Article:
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Water & Climate Change: 3 Tips to Motivate People

Posted on April 26, 2017

While water is tangible and relevant in our day to day lives, for most, climate change is an abstract and invisible phenomenon. To communicate and engage the public effectively requires a strategic approach. Here are three tips on how to motivate people:

1. Identify your audience and meet them “where they are.”

For learning to be useful, most people need to place it in a context that is relevant for them. This requires connecting with your audience’s needs, experiences and interests. Manitobans, for example, are more likely to be more concerned with the impacts of climate change on flooding in the Red River basin than on sea level rise.

If you want to communicate with a local audience about water, start by asking them questions like “What does water mean to you?” Irrigation? Recreation? Transport?  The fact that everybody drinks water also serves as a common ground. Knowing your audience will allow you to tailor communication to their level of knowledge while addressing misconceptions (a particular challenge with climate change).

Humans are social creatures. We care about other people. Therefore, discussion of impacts should include human stories. For example, there has been a recent shift in climate change communication towards highlighting impacts on human health. Also consider the power of social pressure. People care about what other’s think. If someone is told that they use 25 per cent more water than their neighbours, they are likely to modify their water use.

2. Consider art as a channel for engagement

We absorb information from art differently than we do from a list of facts. Art engages us on an emotional level. Seeing a painting or a play about climate change might motivate people to act.

Installations like High Water Line are a simple yet powerful way to create dialogue around the impacts of climate change within communities.  The creative arts also have access to larger audiences and exposure than science as evidenced in the media. Therefore, partnering with local artists or theatre groups should be considered when developing strategies for engaging broader audiences on issues related to water and/or climate change.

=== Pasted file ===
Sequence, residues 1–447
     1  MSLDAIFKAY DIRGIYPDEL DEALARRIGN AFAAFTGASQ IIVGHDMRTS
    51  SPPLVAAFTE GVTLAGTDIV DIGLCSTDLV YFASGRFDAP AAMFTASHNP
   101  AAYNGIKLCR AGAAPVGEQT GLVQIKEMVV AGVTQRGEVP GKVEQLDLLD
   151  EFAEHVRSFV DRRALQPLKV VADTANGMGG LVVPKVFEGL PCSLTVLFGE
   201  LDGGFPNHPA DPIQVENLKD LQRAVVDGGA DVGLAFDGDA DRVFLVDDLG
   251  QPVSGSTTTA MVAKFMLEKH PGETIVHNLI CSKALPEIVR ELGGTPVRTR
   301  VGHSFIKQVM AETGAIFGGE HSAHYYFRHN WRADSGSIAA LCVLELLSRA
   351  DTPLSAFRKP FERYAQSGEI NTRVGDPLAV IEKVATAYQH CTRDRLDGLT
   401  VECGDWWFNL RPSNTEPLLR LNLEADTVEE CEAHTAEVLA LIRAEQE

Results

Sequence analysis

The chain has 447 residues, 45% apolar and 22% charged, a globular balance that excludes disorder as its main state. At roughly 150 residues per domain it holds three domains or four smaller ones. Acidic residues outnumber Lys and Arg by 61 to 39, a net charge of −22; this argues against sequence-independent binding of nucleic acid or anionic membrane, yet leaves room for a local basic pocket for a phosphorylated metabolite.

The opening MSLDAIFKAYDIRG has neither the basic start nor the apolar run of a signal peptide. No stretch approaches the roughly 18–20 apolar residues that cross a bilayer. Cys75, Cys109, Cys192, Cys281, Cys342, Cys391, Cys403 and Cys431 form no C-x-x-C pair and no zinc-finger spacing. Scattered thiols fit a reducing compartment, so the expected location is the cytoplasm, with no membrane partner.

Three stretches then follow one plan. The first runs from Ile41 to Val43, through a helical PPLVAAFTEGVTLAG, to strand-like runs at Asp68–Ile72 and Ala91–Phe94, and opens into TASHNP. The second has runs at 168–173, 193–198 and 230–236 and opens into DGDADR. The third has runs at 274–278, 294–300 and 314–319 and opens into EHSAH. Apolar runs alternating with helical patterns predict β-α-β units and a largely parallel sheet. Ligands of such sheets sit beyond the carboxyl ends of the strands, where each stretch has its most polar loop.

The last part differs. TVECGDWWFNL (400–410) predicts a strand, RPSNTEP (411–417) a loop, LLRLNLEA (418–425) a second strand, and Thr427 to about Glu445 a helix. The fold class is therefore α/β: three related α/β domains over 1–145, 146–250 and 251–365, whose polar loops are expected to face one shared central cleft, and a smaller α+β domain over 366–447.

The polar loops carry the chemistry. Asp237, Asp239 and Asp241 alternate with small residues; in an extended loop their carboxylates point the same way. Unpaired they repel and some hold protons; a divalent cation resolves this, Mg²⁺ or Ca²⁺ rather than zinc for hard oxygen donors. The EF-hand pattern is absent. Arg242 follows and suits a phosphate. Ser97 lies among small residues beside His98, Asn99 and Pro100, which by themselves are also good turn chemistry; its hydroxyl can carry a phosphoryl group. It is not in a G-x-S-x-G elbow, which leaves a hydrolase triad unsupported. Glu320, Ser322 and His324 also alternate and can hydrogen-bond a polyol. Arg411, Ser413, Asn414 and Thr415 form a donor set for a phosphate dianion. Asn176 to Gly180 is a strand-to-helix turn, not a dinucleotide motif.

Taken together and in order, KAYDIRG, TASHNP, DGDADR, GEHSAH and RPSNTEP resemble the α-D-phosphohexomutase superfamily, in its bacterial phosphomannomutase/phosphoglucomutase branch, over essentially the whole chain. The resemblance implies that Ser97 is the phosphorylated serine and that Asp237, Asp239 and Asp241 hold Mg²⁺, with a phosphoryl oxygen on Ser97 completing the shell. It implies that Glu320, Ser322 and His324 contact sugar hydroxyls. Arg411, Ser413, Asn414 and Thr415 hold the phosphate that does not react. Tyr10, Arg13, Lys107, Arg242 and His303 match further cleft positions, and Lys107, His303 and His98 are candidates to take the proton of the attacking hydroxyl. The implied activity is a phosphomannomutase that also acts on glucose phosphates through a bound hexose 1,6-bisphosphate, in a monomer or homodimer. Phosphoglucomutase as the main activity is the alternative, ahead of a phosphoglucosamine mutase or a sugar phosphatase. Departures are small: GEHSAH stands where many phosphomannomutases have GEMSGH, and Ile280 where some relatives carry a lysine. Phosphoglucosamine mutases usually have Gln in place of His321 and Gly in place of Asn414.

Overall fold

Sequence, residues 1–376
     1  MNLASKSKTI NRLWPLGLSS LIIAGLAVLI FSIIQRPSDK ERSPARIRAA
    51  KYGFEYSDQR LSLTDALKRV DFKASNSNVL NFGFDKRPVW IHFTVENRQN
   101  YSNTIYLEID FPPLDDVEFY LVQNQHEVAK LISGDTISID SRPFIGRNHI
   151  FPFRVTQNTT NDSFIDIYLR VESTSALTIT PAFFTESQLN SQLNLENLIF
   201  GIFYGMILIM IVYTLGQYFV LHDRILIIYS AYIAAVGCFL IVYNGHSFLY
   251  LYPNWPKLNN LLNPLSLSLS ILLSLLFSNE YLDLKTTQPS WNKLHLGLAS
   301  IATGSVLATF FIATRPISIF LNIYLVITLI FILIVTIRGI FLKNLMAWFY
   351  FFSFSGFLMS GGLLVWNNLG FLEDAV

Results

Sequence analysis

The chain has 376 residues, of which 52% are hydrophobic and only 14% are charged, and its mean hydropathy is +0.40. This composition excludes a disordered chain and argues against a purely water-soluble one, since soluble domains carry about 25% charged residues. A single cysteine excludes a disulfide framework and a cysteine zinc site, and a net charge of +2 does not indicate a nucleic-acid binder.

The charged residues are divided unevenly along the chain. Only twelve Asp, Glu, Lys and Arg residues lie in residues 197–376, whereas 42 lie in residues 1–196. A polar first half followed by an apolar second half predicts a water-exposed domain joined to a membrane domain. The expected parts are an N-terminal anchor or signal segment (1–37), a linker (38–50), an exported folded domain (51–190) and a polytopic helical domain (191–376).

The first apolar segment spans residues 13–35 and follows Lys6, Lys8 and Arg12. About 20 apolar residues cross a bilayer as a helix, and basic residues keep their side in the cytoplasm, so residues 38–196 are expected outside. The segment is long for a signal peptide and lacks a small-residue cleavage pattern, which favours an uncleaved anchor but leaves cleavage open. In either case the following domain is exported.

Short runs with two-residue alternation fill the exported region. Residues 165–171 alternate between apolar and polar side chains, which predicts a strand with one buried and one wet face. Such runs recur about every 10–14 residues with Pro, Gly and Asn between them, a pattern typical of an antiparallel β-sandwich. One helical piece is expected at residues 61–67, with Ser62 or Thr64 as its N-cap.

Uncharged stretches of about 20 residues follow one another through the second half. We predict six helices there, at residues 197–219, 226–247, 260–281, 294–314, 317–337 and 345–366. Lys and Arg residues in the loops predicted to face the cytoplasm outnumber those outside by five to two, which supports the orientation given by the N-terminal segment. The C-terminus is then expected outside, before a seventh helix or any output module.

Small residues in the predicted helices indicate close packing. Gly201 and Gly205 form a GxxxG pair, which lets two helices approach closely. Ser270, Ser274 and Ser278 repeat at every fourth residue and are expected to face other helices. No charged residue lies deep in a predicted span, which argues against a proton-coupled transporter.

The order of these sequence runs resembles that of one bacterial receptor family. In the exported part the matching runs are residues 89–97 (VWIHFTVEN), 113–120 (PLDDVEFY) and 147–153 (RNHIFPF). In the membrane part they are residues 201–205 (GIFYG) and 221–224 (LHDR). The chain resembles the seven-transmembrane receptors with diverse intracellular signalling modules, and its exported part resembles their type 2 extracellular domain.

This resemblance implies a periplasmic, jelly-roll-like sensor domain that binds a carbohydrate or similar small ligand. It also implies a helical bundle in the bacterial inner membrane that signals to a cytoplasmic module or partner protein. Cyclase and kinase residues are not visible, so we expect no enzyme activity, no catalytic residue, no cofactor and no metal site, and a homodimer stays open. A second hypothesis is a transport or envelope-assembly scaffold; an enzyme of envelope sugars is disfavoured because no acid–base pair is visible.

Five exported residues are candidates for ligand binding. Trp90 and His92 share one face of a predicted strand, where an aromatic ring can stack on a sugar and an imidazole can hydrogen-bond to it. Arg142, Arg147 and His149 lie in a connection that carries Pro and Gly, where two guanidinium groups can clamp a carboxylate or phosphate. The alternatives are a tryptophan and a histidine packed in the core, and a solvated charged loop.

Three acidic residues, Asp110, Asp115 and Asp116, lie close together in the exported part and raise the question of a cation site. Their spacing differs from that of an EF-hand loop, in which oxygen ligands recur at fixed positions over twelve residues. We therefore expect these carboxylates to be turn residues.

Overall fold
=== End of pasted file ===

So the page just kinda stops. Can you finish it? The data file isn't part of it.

3. Celebrate progress

Climate change is the greatest challenge of our time. Many people are overwhelmed by the magnitude of the problem and feel that their actions will not make a difference. Highlighting examples of progress, large and small—like developing a community climate change response plan or even a town meeting to discuss vulnerabilities—gives people hope. Studies show that hope can motivate people to action while fear has the opposite effect. Lastly, empower them by providing simple, everyday actions they can take to make a difference.

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Sara Poirier (@citizenscientst) is a science communication consultant with 15 years of experience. She recently moved to New England from Toronto where she is involved with grassroots approaches to engaging communities in climate change.

 

 

 

 

 

 

 

 

 

 

VIDEO: Why Humans are so bad at thinking about climate change.

 

“This is clearly a time when, for the sake of the future, we need to stand by scientific principles and defend the scientific method in all matters related to water and water-related effects of climate change.”—Bob Sandford

 

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